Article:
MST can affect you both physically and mentally when the event happens or many years later. You can recover. The VA provides free, confidential counseling and treatment for conditions related to MST. You do not need to be service connected and may be able to receive this benefit even if you are not eligible for other VA care.

MST is not always easy to talk about. We have a caring and compassionate staff willing to help you through the VA claims process. If you have questions about this, give us a call. Our number is 1-877-838-3726. Or Tell us about your case.

How Does the VA Determine a 10% Rating for PTSD?

By Jon Corra · February 8, 2012
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I spoke to a client the other day who was asking about PTSD. He is currently 0% and wants an increase. I let him know there are certain criteria you have to meet in order to be granted at a higher percentage. As with any increase we file, there has to be enough evidence to warrant an increase.

AlexPTSD is a disability that the VA can rate between0-100 percent, depending upon your symptoms. For a Veteran who is connected at 10% for PTSD through the VA, he/she will likely have the following symptoms: Occupational and social impairment due to mild or transient symptoms which decrease work efficiency and ability to perform occupational tasks only during periods of significant stress, or; symptoms controlled by continuous medication.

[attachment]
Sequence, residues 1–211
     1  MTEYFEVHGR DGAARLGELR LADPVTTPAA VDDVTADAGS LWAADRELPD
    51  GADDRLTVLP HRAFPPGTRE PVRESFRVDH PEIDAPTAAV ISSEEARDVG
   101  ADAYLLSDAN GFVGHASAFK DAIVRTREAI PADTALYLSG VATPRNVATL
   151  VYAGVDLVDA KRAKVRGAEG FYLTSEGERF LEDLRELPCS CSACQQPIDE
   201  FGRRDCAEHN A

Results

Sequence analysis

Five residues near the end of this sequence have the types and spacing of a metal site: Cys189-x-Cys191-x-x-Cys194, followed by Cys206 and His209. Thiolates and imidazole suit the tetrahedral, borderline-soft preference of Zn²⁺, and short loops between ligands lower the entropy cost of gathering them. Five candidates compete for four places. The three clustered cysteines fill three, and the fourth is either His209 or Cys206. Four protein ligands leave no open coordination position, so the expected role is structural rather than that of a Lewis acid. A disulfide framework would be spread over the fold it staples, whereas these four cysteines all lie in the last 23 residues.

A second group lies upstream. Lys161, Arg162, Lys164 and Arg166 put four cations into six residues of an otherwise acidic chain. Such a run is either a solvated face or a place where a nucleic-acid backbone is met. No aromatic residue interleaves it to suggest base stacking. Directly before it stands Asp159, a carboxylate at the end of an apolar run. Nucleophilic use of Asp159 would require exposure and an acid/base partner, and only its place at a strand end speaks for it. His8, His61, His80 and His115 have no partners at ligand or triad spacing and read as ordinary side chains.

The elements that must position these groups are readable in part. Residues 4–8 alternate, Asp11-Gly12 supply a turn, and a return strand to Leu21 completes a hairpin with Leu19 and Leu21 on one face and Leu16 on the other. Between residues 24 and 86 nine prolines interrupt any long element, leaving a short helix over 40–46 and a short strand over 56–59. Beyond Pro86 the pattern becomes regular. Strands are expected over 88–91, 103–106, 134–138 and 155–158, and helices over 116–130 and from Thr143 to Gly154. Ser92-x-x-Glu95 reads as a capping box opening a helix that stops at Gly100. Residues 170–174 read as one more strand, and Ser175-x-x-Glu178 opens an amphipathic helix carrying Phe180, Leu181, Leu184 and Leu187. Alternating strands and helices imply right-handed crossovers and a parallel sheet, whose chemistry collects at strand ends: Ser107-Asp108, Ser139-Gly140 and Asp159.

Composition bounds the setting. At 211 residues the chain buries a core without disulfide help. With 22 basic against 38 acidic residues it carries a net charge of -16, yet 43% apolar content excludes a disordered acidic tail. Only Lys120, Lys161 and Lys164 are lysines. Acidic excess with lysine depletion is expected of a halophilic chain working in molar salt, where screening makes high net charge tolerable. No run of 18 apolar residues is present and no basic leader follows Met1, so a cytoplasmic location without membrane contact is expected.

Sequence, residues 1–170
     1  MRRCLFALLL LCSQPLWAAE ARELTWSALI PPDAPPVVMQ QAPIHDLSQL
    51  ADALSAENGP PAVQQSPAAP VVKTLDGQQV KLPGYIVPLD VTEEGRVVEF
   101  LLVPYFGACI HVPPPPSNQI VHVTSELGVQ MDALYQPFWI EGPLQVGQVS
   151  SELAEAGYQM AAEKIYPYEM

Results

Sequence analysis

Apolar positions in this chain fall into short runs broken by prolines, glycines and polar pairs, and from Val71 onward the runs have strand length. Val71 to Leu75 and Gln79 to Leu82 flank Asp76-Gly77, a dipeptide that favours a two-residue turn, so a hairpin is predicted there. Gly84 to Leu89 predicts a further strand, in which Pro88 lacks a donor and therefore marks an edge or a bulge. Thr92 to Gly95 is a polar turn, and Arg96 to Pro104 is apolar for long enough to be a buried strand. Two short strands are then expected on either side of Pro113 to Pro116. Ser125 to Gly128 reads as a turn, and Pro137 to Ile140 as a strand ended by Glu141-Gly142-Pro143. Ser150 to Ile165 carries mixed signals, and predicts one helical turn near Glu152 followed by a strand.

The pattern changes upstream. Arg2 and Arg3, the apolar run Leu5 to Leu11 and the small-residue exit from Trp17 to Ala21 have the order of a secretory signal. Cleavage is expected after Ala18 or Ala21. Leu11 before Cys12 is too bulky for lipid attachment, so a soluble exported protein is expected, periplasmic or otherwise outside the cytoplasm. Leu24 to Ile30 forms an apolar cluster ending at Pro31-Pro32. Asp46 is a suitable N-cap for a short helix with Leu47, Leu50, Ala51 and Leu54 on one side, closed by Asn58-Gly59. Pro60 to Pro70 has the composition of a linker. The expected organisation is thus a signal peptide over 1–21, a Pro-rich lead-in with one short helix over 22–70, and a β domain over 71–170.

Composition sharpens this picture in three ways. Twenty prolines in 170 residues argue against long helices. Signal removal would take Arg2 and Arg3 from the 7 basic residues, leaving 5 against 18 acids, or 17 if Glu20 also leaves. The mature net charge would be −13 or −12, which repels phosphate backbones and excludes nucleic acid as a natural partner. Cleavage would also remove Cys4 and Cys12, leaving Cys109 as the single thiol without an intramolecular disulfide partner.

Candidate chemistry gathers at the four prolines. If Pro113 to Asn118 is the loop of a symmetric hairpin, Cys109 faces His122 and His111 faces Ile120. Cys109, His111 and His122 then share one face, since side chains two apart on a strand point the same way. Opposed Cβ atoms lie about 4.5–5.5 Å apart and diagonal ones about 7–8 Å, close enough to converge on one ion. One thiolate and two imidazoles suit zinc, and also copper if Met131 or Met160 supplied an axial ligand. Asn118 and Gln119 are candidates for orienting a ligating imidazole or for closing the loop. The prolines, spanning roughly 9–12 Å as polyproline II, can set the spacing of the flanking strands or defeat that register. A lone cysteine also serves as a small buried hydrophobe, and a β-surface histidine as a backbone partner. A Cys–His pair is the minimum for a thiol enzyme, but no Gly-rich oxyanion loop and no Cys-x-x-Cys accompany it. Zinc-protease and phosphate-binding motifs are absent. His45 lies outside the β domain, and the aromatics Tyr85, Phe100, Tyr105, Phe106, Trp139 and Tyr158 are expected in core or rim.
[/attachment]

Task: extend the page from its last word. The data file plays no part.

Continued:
This particular client also had a GAF score was between 81-90. A GAF score in this range is likely to indicate the following: Absent or minimal symptoms ( e.g., mild anxiety before an exam ), good functioning in all areas, interested and involved in a wide range of activities, socially effective, generally satisfied with life, no more than everyday problems or concerns (e.g., an occasional argument with family members )

This particular client met these criteria, and, after reviewing his records, we would likely file for an increase. Evidence is one of the most important things we need when filing for an increase on an existing claim. Evidence must be presented to warrant an increase. The Veteran usually states that his condition has worsened and the VA schedules an exam. Other evidence also may be considered.  Our reviewers are specially trained to recognize this evidence.

We understand how confusing this can be for anyone to go through alone. So many Veterans turn toJan Dils Attorneys at Law because we have the knowledge and the ability to navigate through the VA Disability Claims process. Our friendly staff is always willing to answer questions you may have about eligibility, so feel free to give us a call: 1-877-526-3457. Or Tell us about your case.

Can the VA Rate me at 0% for PTSD?

By Jon Corra · February 7, 2012
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Recently, I had a client who received a decision on his PTSD claim that confused him. The part that he did not understand was that the VA rated him at 0% for PTSD. He did not understand how that was possible. I assured him that there was no mistake, and that the VA can rate a Veteran at 0%.